Steamboat Springs Gov. Sarah Palin's acceptance of the Republican vice-presidential nomination at the RNC in August was her first national exposure of any significance. If Sen. McCain is elected president, in all likelihood, Palin will become president, either upon McCain's death or in her own rights in four years. So let's explore the veracity of our potentially future president, and ask yourself who you want to answer the "red phone" at 3 a.m.
As a former Congressional Affairs Officer for President Jimmy Carter, I was trained to detect misleading statements, misquotes, untruths and downright lies espoused by politicians. As I listened to Palin's speech, my BS meter kicked into high gear.
Palin's statement about reducing taxes in Alaska was a severe misstatement. Knowing that Alaska has neither a state income tax nor sales tax alerted me immediately that Palin may play loose and free with her words. Just how did the governor reduce something that doesn't exist?
Palin's statement saying, "thanks but no thanks for the bridge to nowhere" is an outright lie. She supported federal earmarked funding to the tune of $228 million until it became political suicide and she withdrew her support after Sen. Ted Steven's (R-AK) indictment.
But, and a big but, she withdrew her support conditioned on the fact that the Republican-controlled Congress paid Alaska $223 million of that earmark to spend on other projects. About $40 million was used to build an access road to the abandoned bridge to nowhere project, and $73 million is sitting in an account, awaiting some other proposal to link the tiny towns of Ketchikan and Gravina, according to the Alaska Department of Transportation.
She could have omitted this from her speech altogether or told the truth, but then the frenetic applause would have not resounded at the RNC.
Palin's statement of "putting (the state's jet) on eBay," first captured my attention as a statement that would end up totally distorted and repeated until it became a statement of truth, which it has. Sen. McCain, the next night, stated that, "she sold it at a profit." Not true. The jet was not sold on eBay but purchased by a businessman for much less than the original purchase price. Kudos to her for selling it, but truthful facts would have gone a long way toward establishing her credibility.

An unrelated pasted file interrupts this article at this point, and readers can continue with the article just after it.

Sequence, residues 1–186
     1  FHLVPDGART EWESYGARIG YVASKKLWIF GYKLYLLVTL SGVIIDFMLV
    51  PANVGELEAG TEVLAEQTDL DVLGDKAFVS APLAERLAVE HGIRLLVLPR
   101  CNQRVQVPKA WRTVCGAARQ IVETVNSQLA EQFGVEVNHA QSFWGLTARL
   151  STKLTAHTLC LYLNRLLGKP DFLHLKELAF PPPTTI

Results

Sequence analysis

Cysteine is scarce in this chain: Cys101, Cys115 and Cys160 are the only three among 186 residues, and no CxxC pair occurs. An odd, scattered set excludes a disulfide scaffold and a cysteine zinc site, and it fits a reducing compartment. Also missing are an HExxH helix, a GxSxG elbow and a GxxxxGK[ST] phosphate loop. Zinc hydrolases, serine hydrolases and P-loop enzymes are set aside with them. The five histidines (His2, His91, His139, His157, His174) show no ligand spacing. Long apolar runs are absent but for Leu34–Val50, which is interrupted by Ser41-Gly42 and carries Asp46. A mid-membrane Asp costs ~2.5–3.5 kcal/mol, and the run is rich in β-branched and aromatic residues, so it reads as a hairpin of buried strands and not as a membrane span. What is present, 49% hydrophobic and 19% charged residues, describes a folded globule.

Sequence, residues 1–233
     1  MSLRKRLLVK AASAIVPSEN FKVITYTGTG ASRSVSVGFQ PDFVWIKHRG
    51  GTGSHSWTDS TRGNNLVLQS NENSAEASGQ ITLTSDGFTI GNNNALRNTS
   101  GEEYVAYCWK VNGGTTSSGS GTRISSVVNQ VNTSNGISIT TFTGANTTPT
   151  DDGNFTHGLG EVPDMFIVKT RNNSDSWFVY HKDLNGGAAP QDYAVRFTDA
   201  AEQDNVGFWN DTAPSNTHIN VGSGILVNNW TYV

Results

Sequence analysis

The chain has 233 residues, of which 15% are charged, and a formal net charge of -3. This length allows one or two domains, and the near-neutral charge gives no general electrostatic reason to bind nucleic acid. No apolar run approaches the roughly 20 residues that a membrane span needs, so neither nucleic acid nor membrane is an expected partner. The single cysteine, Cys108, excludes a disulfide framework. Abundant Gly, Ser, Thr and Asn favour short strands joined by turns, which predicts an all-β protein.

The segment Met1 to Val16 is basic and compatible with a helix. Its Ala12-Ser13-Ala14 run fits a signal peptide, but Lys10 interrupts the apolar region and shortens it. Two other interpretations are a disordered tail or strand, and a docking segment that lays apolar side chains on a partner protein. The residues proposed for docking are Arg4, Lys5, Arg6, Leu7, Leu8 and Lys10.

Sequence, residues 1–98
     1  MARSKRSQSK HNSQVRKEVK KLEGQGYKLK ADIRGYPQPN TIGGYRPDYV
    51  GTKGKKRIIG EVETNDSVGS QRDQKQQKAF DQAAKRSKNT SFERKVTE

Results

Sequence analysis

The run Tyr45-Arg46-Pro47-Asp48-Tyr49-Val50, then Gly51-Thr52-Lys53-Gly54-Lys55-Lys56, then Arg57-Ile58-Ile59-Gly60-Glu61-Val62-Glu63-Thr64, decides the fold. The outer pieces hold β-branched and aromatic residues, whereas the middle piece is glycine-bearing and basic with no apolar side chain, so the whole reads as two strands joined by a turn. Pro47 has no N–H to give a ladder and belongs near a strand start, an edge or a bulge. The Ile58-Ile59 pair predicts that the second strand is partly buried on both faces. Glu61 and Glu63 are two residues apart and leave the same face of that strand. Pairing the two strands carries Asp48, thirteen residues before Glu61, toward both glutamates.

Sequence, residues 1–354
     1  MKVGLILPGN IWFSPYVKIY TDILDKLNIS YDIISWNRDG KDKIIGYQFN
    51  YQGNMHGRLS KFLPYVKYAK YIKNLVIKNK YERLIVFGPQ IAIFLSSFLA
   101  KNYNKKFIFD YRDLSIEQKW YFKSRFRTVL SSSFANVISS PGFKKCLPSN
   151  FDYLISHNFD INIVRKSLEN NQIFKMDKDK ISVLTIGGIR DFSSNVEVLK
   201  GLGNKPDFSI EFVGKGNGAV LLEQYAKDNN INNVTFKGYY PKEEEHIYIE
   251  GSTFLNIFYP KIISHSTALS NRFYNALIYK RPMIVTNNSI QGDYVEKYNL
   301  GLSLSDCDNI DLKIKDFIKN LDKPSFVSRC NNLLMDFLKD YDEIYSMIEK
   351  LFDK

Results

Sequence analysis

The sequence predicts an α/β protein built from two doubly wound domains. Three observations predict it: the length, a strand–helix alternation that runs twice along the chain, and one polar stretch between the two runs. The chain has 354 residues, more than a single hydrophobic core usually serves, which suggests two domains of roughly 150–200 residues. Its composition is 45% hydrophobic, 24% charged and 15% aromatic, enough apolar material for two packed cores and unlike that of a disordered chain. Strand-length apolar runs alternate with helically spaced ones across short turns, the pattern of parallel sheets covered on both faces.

Palin's statements that, "she drives herself," imply that state funds aren't used for drivers or her security force. The truth is, she may drive herself on occasion or even every single time, but state funds are budgeted annually and expended for drivers and a security force, whether she uses them or not. This is no money-saving tactic for the state of Alaska when she drives herself. Again, misleading at the very least.
As far as Palin releasing the governor's chef, it is true - yes and no. The chef was released in June 2007, while her family vacationed and until official state functions resumed in the fall of 2007, but the chef remained on the state payroll. See the Anchorage Daily News from June 29, 2007. Her statement conjured up images of the governor personally shopping for and preparing gourmet food for the frequent official state dinners held at the governor's mansion. What, in reality, was saved for the state of Alaska?
Gov. Palin had to know that every word she uttered would be scrutinized, and yet in her introductory speech to the nation, her judgment was to lie, and she lied about things that are inconsequential. How can we trust her to be forthright and truthful in the event she is required to act on behalf of all citizens of the United States of America?
Judy Tremaine has served on the staff of both Republican and Democratic Members of Congress; staff of a Congressional Committee; and, was a Congressional Affairs Officer for both Presidents Jimmy Carter and Ronald Reagan.